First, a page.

In time the army recognized that these converted steamboats had another advantage over the military style rams. Because they were large and had been designed to carry cargo in peacetime, they were also capable of carrying troops and horses during the war, which meant they could be used for amphibious assaults. The idea was to pack these rams with soldiers and horses and send them out to patrol a river, especially the Mississippi River. From their roaming patrol stations, they could quickly deploy to hotspots along the river from which rebel cavalry and partisans were attacking Union vessels with artillery and small arms fire.

Upon arriving near the hotspot, the ram would offload their soldiers onto the riverbank, from which point they would advance in hopes of battle. Sometimes they got it, although usually the rebels took flight before significant fighting occurred. Thus, typical fighting for a ram's soldiers consisted mostly of short skirmishes, both on land and from their ships.

The ships themselves were operated by sailors, with the soldiers serving in a capacity similar to that served by US Marines aboard Navy vessels. The steamboat rams, however, did not go to sea as Navy vessels often did. Rather, they operated only on rivers. In fact, they were limited almost entirely to the Mississippi River and it's tributaries.

The Mississippi River rams and other transport vessels were originally organized into a squadron called the "ELLET RAM FLEET", named after Charles Ellet, who proposed the unit and was it's first commander. The men that volunteered to serve aboard these vessels and the ships they served on, were known as the MISSISSIPPI MARINE BRIGADE, or the M.M.B.. The men were U.S. VOLUNTEERS as opposed to the far more numerous "State Volunteers" or the "Regular US Army", the permanent, standing peacetime army of the United States.

Conditions on the ships were not always good. Being situated on a river, there was an abundance of flies and mosquitos during warm weather. Further, the ships were powered by steam which meant that the ship's boilers were always fired up..a fact that undoubtedly made the hot summer days and evening aboard these vessels even hotter.

Among the major complaints of the men of MMB was the quality of their drinking water. Being river-borne soldiers, their drinking water was usually taken from sources along the riverbank, contributing to discomfort and chronic symptoms.

There were many administrative problems, and there were political problems, as well. Further, the concept of the amphibious operation had never been fully developed to its potential, so in August 1864, the War Department terminated the command.

A decision was made to relieve or discharge the officers, scatter the vessels among various ports, and remove the M.M.B. troops from the ships turning them into a standard, fighting regiment based in Vicksburg. This is the point where the
"1st" was added to their unit name.

The soldiers were accustomed to water patrol and resented their change in status. Some men refused to fight or even work, and legal questions were raised as to the army's proper authority to change the conditions of service for which the men were recruited. In the end, the War Department decided it was easiest just to discharge the whole bunch. Consequently, in December 1864 the 1st M.M.B. began to disband, with the last group of soldiers receiving their discharges in January 1865.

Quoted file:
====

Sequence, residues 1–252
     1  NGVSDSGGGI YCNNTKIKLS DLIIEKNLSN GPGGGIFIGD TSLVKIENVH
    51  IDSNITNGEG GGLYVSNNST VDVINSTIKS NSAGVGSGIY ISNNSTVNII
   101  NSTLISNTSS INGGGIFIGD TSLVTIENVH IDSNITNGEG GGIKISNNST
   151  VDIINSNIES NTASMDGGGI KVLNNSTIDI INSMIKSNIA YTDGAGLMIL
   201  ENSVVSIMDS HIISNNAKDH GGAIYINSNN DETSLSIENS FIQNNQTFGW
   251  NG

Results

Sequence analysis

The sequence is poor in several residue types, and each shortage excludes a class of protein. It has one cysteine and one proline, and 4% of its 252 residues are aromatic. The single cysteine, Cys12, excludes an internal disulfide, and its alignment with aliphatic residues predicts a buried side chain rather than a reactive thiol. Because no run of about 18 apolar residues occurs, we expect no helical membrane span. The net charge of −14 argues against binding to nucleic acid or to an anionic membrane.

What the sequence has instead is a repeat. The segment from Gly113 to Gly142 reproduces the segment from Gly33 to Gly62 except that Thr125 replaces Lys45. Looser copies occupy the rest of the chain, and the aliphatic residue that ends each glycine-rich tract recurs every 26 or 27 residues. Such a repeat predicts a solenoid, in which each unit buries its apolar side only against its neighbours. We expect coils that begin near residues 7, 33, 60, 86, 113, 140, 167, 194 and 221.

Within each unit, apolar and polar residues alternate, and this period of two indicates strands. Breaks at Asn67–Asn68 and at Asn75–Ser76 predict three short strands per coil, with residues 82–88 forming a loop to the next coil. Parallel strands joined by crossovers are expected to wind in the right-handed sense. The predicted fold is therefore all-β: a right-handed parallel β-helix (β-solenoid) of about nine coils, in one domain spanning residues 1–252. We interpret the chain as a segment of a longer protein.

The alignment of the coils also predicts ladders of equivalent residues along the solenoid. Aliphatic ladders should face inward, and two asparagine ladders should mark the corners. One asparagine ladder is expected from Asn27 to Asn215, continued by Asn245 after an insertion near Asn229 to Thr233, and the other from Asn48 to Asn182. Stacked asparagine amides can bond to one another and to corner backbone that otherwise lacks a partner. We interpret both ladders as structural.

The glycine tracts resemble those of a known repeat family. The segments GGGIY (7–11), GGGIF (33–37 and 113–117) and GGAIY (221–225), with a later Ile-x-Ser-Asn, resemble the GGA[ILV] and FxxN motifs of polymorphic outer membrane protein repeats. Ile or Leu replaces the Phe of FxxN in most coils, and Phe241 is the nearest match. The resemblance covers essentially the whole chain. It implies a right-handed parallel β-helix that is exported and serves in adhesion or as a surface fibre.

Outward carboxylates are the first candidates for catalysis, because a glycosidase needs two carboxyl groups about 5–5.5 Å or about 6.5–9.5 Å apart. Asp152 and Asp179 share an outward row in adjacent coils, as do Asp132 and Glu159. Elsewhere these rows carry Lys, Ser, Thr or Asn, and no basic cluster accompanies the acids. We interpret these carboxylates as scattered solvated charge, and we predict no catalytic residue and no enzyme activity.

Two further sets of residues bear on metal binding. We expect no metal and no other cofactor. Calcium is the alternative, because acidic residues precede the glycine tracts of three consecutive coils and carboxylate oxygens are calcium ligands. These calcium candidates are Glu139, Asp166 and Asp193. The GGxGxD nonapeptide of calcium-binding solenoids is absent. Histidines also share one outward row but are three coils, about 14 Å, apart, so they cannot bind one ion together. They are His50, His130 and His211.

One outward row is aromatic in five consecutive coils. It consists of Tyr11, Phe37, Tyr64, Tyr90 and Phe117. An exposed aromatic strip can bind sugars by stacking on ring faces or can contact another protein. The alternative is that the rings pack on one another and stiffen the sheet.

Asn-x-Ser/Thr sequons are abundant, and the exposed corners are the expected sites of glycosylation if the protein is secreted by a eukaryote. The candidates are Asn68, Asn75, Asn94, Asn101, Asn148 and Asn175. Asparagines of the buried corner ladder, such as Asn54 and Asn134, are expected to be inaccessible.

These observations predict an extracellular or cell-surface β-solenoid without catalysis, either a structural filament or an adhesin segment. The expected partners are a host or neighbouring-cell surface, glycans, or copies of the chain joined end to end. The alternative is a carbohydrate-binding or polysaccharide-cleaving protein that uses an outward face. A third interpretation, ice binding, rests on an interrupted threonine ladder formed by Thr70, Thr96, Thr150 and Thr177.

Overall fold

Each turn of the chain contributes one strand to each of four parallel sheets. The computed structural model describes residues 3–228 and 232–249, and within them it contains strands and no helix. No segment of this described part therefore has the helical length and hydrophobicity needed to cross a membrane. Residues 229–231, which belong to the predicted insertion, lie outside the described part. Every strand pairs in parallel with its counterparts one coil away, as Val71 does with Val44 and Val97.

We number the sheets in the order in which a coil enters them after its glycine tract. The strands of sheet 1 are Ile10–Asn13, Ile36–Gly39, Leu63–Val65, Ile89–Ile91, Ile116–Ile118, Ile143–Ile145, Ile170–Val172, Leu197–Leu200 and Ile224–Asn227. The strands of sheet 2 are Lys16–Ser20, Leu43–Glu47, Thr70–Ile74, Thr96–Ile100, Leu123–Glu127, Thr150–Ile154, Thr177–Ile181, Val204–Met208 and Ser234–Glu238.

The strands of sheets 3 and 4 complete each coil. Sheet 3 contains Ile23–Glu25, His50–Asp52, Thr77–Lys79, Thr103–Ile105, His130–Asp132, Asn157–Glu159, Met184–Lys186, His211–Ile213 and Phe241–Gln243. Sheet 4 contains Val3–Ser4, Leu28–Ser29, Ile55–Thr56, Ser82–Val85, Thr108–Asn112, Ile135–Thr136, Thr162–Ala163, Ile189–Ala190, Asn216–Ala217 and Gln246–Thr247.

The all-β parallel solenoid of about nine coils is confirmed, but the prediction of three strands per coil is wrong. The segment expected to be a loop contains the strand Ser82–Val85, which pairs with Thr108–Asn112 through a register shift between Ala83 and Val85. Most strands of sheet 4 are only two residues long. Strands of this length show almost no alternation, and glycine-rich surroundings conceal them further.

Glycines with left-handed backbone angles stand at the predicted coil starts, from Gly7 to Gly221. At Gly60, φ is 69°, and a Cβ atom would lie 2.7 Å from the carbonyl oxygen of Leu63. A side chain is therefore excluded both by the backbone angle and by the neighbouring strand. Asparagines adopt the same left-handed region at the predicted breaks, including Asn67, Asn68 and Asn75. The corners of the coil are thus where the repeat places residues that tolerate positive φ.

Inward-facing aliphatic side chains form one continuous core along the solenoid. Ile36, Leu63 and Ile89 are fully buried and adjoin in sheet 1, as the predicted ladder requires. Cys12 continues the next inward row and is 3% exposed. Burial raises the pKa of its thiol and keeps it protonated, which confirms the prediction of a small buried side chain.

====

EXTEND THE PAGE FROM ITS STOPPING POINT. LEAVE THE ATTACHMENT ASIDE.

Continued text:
Unfortunately, for family members seeking information on an ancestor who may have served in the MMB, that regiment was notoriously lacking when it came to record keeping. Often soldiers were unable to get a pension because their records were non-existent in the files of the War Department in Washington, D.C.

Likewise, Archives at the state level, do not include a list of the men from that state who served during the War in the MMB, since it was a Federal unit, not a State unit.

Organized at Jefferson Barracks, MO, January and February, 1863, for duty in Western Waters. Attached to District of Northeast Louisiana, Dept. of the Tenessee, October, 1863, to April, 1864. District of Vicksburg, Miss., to August, 1864.

SERVICE.--Action at Little Rock Landing April 26, 1863. Beaver Dam Lake, near Austin, May 24 and 28. Expedition from Young's Point, La., to Richmond, La., June 14-16. Richmond June 15. Grand Luxe, Ark., June 16. Expedition from Snyder's Bluff to Greenville June 29-30. Bayou Tensas June 30. Expedition from Goodrich Landing to Griffin's Landing, Cat Fish Point, Miss., October 24-November 10. Operations about Natchez December 1-10. Rodney December 17, Fayette December 22. Rodney December 24, Port Gibson December 26. Grand Gulf January 16-18, 1864. Expedition to Grand Gulf February 15-March 6. Lima Landing, Ark., February 22. Red River Campaign March 10-May 22. Fort DeRussy March 14. Worthington's and Sunnyside Landings, Fish Bayou, June 5, Old River Lake or Lake Chicot June 6. Indian Bayou June 8. Coleman's Plantation, Port Gibson, July 4. Port Gibson July 7. Consolidated with 1st Infantry, Missisippi Marine Brigade, August, 1864.

Battalion lost during service 2 Officers and 15 Enisted men killed and mortally wounded and 1 Officer and 38 Enlisted men by disease. Total 56.

History of the
1st Infantry, Missisippi Marine Brigade (after the consolidation)

Duty in District of Vicksburg until February, 1865. Mustered out February 1, 1865.
Battalion lost during service 11 Enlisted men killed and mortally wounded and 1 Officer and 161 Enlisted men by disease. Total 173.